New basketball coaches aim high
- Published: November 17, 2013
Young basketball coaches will lead young basketball teams this winter at Yellow Springs High School, but don’t call it a rebuilding year. Instead, girls coach Jack Hatert looks to keep the ball rolling from last year’s success and boys coach Steve Grasso hopes to bring back the glory days of YSHS basketball.
Hatert, a 31-year-old McKinney School math and science teacher, takes the helm of a girls team that won sectionals last year for the first time since 1987 but graduated some top talent. Hatert has coached in the program for six years, including as an assistant last year under veteran coach Tim Barga, who stepped down after last season due to the long commute. Hatert, who lives in Springfield, brings continuity to the program and will run the same offenses and defense as last year.
“I’ve been around the program for years and coached these seniors when they were in seventh and eighth grade,” Hatert said. “I didn’t want them to come into a new system, so I did it for the health of the program. I’m going to pick up where [Barga] left off.”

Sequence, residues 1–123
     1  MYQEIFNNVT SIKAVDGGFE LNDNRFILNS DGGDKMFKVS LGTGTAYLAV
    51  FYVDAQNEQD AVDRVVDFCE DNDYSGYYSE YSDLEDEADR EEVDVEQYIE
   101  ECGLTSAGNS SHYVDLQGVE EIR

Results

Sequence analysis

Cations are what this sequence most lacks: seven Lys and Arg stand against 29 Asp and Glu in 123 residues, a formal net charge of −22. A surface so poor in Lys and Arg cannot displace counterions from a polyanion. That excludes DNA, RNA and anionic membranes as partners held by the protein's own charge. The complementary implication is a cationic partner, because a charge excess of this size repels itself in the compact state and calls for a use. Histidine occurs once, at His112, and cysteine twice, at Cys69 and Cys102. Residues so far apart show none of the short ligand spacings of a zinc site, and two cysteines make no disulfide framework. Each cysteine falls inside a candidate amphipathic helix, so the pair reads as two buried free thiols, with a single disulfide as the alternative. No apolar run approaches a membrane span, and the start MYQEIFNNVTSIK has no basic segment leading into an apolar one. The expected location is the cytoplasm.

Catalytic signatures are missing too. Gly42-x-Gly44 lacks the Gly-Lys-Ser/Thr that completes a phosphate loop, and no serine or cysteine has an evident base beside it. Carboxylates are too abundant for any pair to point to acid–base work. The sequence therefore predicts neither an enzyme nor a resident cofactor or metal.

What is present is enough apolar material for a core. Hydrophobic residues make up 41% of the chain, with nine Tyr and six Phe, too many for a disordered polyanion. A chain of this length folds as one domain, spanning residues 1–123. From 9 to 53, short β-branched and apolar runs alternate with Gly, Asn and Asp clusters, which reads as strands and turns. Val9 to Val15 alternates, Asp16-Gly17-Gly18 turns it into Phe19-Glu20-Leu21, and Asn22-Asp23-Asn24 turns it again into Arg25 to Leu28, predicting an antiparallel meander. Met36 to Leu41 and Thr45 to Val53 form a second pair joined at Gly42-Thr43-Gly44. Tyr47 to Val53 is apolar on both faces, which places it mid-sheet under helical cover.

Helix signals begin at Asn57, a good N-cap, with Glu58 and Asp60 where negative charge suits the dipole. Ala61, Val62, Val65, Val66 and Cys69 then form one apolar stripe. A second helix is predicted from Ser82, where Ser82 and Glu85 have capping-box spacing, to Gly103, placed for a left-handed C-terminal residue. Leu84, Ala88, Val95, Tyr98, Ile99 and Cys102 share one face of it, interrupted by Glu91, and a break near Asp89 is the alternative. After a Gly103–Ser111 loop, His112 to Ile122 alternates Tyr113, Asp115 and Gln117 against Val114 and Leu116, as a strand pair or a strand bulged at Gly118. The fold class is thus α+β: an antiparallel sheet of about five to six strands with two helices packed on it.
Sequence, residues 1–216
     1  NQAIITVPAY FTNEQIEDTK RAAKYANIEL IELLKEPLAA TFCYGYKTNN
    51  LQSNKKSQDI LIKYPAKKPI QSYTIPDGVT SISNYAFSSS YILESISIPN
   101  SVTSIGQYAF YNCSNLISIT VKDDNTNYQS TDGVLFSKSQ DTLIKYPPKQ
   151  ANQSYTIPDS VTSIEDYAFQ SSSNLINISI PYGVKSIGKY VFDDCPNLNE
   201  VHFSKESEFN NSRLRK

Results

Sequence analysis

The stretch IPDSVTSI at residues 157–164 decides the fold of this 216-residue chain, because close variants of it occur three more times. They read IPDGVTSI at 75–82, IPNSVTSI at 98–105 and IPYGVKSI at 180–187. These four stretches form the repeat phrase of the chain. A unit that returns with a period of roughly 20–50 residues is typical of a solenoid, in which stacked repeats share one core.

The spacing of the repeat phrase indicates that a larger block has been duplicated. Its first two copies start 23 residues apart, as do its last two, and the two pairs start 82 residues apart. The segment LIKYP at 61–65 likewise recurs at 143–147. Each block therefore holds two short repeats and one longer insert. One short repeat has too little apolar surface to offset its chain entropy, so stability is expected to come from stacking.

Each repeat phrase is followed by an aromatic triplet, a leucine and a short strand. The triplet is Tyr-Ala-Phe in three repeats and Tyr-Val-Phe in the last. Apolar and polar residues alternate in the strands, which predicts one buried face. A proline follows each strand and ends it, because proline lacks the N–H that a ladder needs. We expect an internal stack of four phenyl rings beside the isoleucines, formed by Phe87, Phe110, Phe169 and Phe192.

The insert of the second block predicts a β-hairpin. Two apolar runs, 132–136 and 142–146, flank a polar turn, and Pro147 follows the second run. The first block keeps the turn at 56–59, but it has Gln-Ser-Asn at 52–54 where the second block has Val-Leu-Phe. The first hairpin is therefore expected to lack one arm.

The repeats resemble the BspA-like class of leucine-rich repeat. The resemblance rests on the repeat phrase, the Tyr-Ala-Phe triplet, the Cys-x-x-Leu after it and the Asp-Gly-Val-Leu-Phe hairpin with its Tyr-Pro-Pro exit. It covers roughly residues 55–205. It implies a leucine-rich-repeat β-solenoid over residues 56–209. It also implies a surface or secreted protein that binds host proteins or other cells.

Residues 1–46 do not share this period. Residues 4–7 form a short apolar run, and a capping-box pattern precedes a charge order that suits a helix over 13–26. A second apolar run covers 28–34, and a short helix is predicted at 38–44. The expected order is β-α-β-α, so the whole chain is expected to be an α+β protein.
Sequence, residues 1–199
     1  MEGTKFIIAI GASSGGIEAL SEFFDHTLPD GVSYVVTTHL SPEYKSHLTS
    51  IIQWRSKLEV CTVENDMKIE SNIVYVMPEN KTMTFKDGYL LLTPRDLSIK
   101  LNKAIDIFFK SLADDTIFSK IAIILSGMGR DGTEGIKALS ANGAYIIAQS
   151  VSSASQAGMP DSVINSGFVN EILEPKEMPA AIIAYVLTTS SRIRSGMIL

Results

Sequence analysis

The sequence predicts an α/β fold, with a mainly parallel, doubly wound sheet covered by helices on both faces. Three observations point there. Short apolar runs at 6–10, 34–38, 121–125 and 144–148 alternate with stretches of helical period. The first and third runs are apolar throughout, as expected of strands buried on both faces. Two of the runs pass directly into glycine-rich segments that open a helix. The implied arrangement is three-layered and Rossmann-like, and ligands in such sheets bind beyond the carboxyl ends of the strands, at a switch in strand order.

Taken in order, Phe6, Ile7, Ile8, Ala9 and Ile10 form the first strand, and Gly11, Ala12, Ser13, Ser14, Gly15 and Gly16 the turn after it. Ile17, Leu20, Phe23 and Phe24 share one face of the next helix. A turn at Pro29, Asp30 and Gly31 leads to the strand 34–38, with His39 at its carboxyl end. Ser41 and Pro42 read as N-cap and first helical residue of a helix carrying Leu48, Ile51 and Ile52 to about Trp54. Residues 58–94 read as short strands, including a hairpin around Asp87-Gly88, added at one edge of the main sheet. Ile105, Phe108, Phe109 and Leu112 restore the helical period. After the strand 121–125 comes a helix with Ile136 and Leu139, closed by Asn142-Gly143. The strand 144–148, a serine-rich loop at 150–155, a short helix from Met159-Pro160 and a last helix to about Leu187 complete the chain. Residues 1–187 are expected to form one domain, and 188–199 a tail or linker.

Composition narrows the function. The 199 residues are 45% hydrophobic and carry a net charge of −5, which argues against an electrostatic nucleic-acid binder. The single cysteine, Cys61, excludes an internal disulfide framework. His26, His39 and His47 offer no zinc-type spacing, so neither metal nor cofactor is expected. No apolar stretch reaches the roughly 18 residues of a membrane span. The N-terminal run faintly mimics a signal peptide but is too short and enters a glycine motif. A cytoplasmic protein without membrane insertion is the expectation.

Returning to the team are Brianna Ayers, Kennedy Harshaw, Anna Mullin, Molly Hendrickson and Rachele Orme. Seven new girls have come out this season, including freshman Elizabeth Smith, who dominated at the middle school level.
YSHS boys basketball coach Steve Grasso steps into the shoes of Coach Brad Newsome, who retired last year after 13 seasons as the winningest coach in YSHS boys basketball history, with a team of mostly underclassmen (there is just one senior and three juniors on the squad). Grasso, 30, is a reading intervention specialist at a Cincinnati area high school.
Grasso also hopes to build on the long tradition of success in the YSHS boys basketball program. But he has his work cut out for him. The Bulldogs, who were 15–10 last season and made it to the sectional finals, graduated many key players. Returning to the team is senior Eric Lawhorn and juniors Isaiah Taylor, Liam Weigand, Devon Perry and Edward Johnson, while there are a lot of new faces, including some players from the soccer team and several exchange students, for a solid turnout of about 16.
“I’m not as concerned about the score of the game as playing the right way,” Grasso said. “That means solid defense, playing as a team, sharing the basketball and diving on loose balls — doing those extra things that make a difference. If we do that the wins will come.”
Read the full story in an upcoming issue of the News.